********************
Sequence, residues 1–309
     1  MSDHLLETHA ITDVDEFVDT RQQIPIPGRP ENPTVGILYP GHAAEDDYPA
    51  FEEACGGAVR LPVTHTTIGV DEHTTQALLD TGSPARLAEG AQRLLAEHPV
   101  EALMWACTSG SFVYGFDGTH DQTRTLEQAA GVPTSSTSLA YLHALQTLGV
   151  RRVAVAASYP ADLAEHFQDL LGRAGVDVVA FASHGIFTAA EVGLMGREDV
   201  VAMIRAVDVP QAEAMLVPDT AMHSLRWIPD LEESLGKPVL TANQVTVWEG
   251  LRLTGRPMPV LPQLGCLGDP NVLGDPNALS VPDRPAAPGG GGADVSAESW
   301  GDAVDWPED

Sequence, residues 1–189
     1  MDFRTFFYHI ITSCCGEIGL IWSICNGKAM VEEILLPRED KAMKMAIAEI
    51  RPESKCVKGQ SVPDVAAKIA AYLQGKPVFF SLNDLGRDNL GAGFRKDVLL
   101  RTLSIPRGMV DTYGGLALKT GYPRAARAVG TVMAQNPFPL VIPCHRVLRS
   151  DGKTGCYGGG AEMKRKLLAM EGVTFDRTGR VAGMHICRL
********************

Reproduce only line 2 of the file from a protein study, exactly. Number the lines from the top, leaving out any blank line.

     1  MSDHLLETHA ITDVDEFVDT RQQIPIPGRP ENPTVGILYP GHAAEDDYPA